Whoa! Look at the long line for taxis. Look at those ladies. I wonder if they’re going to the same conference I am? Yes? Well do you want to go with me to get my rental car? I suddenly had some New York friends and they no longer had to wait in line. Boy was I glad for extra eyes!
It was pouring rain and even though the GPS voice told me where to turn, it was hard to see the signs to find the right exit. But my new friend in the seat beside me helped navigate, and the backseat eyes could confirm when it was clear on either side. We did it. We found their hotel in our little PT Cruiser. They pitched in to help cover my parking and I relied on the GPS to guide me a few more blocks to my hotel.
I was on my own when it was time to return to the airport, but I knew I could do it. I’ll admit I did take a wrong turn and panicked as I got out of the Cruiser and rushed up to a ticket lady in a parking garage. She guided me with her kind southern drawl on how to get back on track. And I did it . . . all by myself. Well I guess I wasn’t alone. I had asked for help and I cleared the spot on the seat beside me as I prayed for the Lord to buckle up and be my navigator.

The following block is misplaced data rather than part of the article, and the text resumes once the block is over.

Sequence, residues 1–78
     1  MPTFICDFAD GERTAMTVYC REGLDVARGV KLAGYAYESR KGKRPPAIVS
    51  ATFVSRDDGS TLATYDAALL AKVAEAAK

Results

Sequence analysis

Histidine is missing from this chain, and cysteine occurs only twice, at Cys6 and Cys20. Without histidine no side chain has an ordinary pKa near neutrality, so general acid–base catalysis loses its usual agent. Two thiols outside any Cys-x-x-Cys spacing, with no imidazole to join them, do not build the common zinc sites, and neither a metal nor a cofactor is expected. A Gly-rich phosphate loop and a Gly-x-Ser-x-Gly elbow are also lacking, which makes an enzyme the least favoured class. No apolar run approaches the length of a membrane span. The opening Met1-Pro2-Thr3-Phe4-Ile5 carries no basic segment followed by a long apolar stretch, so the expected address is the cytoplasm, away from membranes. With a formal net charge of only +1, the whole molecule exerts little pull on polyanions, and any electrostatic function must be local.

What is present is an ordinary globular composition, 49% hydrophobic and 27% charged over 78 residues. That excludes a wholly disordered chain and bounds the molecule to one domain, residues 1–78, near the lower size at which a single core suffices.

I did it. I got buckled in and was settled on my final non-stop flight. Or so I thought. Rather than preparing for takeoff, the flight crew announced that we’d be changing planes as there was a mechanical problem that couldn’t easily be fixed. It had been such a full flight that rather than having us put our carry-on suitcases above, they had packed them below. No problem. Those would be transferred to the other plane. But there was a problem. I had put my boarding pass in that bag when I should have been done with it. But now I needed it to board the substitute plane.
Panic!! No problem. I just had to move to the end of the line and prove that I am who I am one more time. Thank heavens my I.D. wasn’t in that bag. I made a new friend on the plane and have talked to her several times since. I got really inspired about whole food nutrition at the conference and had a great time dancing with Elvis and friends in downtown Memphis, Tenn. My vehicle awaited me in fine shape and the reports of sleet and poor travel weather earlier that day had subsided. Onward. All was well for smooth sailing ahead.
Yes, there were bumps in the road. But with others to guide me and the fortitude to keep moving forward, I did it! Isn’t that what life’s all about? You don’t have to do it alone.
LORI PANKONIN is co-publisher of Johnson Publications newspapers in Imperial, Wauneta and Grant, and part-owner of the Holyoke Enterprise in Holyoke, Colo. E-mail: ljpank@chase 3000.com